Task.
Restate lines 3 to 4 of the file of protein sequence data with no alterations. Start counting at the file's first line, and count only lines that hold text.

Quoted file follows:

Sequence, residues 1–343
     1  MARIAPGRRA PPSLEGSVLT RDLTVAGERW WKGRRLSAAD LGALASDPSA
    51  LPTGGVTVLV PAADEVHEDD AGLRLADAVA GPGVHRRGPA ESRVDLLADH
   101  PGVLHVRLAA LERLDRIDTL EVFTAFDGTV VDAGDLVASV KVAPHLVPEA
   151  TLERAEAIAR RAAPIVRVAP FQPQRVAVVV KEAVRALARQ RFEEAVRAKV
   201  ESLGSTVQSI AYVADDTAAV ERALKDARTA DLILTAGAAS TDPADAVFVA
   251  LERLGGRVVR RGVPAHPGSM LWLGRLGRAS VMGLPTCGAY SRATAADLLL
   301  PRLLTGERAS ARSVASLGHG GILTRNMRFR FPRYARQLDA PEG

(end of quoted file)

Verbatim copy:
    51  LPTGGVTVLV PAADEVHEDD AGLRLADAVA GPGVHRRGPA ESRVDLLADH
   101  PGVLHVRLAA LERLDRIDTL EVFTAFDGTV VDAGDLVASV KVAPHLVPEA